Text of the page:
I hope this answers your questions and you enjoy riding tubeless as much as I do. Last week I flatted my front tire in a race and was able to ride 10 miles on it to the neutral support tent to get a spare wheel while keeping right up with the lead group I was in. I don't think I would have dared try that on my old regular clinchers. There was no damage to the rim.

Thanks again,

Q: Jim,
I am not sure how much of a problem I am having with my bottom bracket. When I stand to climb I hear an awful lot of creaking noise. I have an aluminum frame Cannondale CAAD 4 with a Shimano Dura-Ace crankset. I am by no means a bike mechanic. Just like my car, I know where the gas goes and how to turn it on. So I don't know if this is just stress noise or if something is loose that can be tightened.

Thanks for your time and consideration,

A: Hi Rob,
Your crankset shouldn't make noise when you're riding. You probably have a loose crankarm or a loose bottom bracket, or if you wear cleated cycling shoes, you might have a noise coming from your pedals or cleats.

This article on my website goes into great detail on noises and you'll find a lot of common noises and solutions here including bottom bracket, crank and cleat noises.

Of course, you could also take your bike into any bike shop, describe the noise, ask the mechanic to take a test ride and he should be able to hear it and tell you what's needed right away and maybe fix it right away, too, for not too much money, even.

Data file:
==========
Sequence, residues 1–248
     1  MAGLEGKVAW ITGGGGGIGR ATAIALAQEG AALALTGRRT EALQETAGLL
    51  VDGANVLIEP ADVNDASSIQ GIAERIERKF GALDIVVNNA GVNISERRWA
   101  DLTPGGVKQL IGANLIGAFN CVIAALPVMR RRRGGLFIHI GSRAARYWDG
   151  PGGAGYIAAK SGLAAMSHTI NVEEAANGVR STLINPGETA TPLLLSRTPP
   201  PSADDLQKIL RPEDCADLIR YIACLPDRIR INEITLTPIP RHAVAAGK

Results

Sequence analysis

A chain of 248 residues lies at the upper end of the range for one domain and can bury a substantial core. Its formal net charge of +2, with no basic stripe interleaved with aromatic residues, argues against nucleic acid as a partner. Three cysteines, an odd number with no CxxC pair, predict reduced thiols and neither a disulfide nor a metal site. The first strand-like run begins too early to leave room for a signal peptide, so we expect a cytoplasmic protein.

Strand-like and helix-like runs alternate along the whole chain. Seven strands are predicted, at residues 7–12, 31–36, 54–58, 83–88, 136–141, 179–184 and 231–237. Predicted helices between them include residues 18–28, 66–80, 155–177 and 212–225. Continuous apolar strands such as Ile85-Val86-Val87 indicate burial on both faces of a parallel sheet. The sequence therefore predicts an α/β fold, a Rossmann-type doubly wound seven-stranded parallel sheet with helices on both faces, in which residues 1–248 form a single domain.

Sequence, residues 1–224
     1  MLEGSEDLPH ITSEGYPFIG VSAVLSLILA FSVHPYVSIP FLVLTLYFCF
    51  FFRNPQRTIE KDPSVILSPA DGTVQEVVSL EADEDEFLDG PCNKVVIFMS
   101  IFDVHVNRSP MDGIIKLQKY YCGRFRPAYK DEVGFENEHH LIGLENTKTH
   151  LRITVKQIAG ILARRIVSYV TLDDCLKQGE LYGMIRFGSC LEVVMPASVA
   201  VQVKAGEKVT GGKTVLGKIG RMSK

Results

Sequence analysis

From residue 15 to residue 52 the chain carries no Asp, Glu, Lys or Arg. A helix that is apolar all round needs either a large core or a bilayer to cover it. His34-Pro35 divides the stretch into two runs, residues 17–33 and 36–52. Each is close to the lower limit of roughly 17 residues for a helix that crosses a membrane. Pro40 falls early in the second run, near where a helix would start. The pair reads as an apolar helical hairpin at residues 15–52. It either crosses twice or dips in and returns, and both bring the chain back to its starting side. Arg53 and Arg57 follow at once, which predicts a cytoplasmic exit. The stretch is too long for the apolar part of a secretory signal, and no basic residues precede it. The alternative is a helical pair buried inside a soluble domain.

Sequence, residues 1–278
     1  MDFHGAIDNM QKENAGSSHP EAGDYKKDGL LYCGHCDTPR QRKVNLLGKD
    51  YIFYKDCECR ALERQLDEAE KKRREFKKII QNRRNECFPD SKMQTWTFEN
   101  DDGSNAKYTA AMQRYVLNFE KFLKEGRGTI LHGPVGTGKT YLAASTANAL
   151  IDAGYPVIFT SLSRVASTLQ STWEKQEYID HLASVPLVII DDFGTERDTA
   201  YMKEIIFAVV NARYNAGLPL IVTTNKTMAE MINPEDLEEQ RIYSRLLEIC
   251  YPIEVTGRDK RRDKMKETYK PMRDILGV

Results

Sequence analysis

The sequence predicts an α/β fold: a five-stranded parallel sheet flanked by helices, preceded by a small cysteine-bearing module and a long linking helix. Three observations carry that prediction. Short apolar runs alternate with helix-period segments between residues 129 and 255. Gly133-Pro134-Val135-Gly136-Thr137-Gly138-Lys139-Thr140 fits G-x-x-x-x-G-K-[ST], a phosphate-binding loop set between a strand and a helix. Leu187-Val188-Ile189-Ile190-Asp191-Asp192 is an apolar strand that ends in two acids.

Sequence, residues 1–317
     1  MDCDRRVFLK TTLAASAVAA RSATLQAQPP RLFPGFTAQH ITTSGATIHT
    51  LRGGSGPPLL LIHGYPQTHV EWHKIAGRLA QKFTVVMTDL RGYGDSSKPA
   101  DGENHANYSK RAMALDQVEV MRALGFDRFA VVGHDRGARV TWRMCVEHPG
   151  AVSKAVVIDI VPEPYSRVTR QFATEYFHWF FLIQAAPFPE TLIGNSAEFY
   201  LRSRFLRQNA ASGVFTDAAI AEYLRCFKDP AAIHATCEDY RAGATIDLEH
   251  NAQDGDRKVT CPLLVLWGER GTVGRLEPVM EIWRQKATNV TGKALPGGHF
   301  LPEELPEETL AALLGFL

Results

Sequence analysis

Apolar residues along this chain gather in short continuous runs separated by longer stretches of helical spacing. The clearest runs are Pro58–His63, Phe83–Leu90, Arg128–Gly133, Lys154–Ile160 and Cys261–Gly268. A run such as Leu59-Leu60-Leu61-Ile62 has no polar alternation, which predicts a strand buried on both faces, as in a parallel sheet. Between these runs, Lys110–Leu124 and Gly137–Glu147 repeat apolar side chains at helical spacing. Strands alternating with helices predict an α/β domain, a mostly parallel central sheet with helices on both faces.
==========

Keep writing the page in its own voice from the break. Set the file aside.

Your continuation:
I hope this helps,


Anonymous said...

I have Ultegra 6700 wheels with tubeless tires. I tried identifying the cause of a slow leak by dipping the wheels into a sink. There's only one hole in these rims, which I taped over as you advise above. However, after I'd done my testing, I noticed that the rims were absolutely full of water sloshing about! I'm guessing that the spoke sockets aren't water-tight and that water was pouring in through these as I was testing? Anyway, I had to untape the hole and shake the wheel vigorously back and forth for ages to get all the water out!

Jim Langley said...

That's interesting. The nipples need to be sealed or else the air wouldn't stay in the tire, so there might be something else letting the water in. We might need to cut an old rim in half to understand where the leak could be. But it shouldn't be able to get in on the tire side so it has to be the valve or the nipples you'd think - or some hard to spot hole in the rim. Maybe you can check for leaks without submerging the entire rim?

Anonymous said...

Hi, me again! Update: I recently broke a spoke on the 6700 tubeless-ready wheel and was able to determine by looking into the spoke-hole on the rim that there is a cavity there which is sealed off from the outer part of the rim. Thus, the spoke-holes/nipples on this wheel do not need to be sealed/air-tight and they can let water in, but only into the internal cavity.

I've just tested tire air leakage in the sink again, but this time only by dipping the tire (and not the spokes) into the water, one section at a time. No water ingress on this occasion!

OTOH I think I shall be abandoning this road tubeless experiment pretty soon, as I have determined that the (Hutchinson-brand) tires always develop significant leaks through the casing once they've been removed from the wheel, even once!

Anonymous said...

(me again) Actually, you can see the cavity quite clearly in this Shimano tech doc!


Jim Langley said...

Thanks for experimenting on your tubeless wheels and the tip not to submerge the rim when checking for leaks (to keep water out). I have had good luck with Hutchinson's Fusion tubeless tires. They're not perfect (a tad heavy and they wear like a racing tire not a touring tire), but the performance is really nice in my experience. I haven't noticed any issues when removing and installing tires. The only slow leaks I've experiences come from valve issue or punctures. Thanks for your feedback!